Maybe you've seen this story already, maybe you haven't. Here's what you need to know. In the fall of 2013, a young man who played quarterback for his high school started having severe pain in one of his knees. His family took him to see their doctor, and after tests, a devastating diagnosis was given: the young man had a rare form of bone cancer known as osteosarcoma.
How rare is this cancer? Only 800 cases are diagnosed in the United States each year. The disease primarily affects children and young adults. The cancer forms a malignant, and aggressive, tumor. Beating it is no small task.
The young man in our story began treatment, which included 24 rounds of chemotherapy to poison the tumor and a knee replacement surgery that's usually performed on adults three-times his age. He spent over 100 days in a hospital room, with his mother staying with him during the day and his father staying with him over night. His father's career often sent him traveling, but he would fly home every night that his son was in the hospital and fly out again in the morning.
The young man, with the support of his family, beat the rare form of cancer and is now a healthy teenager.
Now that the treatments are over, the young man is getting back to normal with his family and a sport that he loves: football. He attended the Citrus Bowl with his family, which was huge for all of them. They missed the Golden Gophers' bowl the previous year because of the treatments. You see, the young man I'm talking about is Casey O'Brien, and his father, Dan, is the Senior Athletic Director in charge of the University of Minnesota's football program.
When Dan was informed of Casey's diagnosis, he had a good friend with him in the room who was no stranger to life-changing news from a physician: Minnesota Head Football Coach Jerry Kill, who's personal battle with epilepsy has been an inspiration to Minnesotan's and the nation alike.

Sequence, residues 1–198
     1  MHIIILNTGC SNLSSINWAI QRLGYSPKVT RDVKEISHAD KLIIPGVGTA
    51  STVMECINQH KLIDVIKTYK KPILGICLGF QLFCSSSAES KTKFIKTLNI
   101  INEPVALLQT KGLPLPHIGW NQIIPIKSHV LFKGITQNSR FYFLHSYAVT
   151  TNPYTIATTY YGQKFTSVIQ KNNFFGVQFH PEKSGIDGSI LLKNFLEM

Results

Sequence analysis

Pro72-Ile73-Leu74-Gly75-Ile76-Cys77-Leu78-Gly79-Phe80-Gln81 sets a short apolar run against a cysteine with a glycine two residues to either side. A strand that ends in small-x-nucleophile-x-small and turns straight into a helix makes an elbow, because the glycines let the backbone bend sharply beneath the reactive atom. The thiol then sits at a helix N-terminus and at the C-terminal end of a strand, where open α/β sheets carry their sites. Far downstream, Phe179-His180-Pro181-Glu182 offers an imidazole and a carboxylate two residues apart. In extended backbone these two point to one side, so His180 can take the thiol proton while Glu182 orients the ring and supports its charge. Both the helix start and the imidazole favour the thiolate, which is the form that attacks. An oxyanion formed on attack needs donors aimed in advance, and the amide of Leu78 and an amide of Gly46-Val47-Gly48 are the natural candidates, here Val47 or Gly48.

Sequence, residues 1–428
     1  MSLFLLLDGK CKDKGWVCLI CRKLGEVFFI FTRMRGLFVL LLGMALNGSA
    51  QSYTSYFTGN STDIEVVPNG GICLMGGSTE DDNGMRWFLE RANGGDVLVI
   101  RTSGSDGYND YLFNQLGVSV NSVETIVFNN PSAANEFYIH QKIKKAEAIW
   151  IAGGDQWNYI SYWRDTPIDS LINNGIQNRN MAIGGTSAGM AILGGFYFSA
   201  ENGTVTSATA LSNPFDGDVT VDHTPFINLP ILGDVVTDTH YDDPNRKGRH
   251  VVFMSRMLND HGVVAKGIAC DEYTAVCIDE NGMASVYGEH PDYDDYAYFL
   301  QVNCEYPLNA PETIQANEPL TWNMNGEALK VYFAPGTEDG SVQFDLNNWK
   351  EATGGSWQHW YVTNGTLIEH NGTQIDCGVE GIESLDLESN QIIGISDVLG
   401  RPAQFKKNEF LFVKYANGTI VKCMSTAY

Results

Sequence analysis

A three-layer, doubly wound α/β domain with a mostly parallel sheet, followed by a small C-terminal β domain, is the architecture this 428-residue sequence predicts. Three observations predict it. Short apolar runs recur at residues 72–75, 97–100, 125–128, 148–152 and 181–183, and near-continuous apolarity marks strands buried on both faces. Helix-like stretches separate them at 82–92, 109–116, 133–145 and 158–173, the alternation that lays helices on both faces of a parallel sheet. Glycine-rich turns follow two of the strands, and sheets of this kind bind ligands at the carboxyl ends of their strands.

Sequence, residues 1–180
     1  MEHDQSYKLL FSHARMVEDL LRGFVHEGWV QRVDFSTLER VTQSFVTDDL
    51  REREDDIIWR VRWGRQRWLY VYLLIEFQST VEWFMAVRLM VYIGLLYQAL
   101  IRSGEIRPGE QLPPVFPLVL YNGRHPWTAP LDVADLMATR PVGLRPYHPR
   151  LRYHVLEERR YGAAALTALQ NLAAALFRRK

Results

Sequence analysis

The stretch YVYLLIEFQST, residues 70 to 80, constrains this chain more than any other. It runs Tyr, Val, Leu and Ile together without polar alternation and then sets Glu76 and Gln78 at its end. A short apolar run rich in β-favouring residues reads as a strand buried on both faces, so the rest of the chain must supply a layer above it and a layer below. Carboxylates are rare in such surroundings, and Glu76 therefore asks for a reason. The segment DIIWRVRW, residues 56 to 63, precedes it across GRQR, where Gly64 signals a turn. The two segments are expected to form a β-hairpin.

Taking their cue from Coach Kill, Casey and his father realized they had an opportunity to make a difference and they got to work. Casey bravely shared his story with local news outlets like KARE 11 and WCCO (whose articles were leveraged for this story) to raise awareness of the disease and to help raise money for the University of Minnesota Masonic Children's Hospital, where he was treated. Dan became became active with the Angel Network and gave a keynote address at a fundraiser for the hospital.
Please go vote. This is a worthy use of five of your minutes.
Uplifting Athletes is a full service national nonprofit organization aligning college football with rare diseases and raising them as a national priority through research, outreach, education and advocacy. What makes Uplifting Athletes unique is that our university chapters are run by current football student-athletes, providing them with an opportunity to gain management and leadership skills while learning how to leverage their assets and abilities to make a positive and lasting impact. Each chapter adopts one out of approximately 7,000 rare diseases (such as Aplastic Anemia, cystic fibrosis, pediatric brain cancer, kidney cancer, Leukemia, Neimann Pick Type-C, Neuroblastoma,, Fanconi anemia, etc.).
Congratulations to Casey and Dan and family for beating a rare disease and Hats Off for making a difference in other children's lives. Also, congratulations on the nomination for this award.
Now, TDG readers, go vote and let's bring this award home for the O'Briens. Spread the word on Facebook, Twitter, and however else you can! Ski-U-Mah!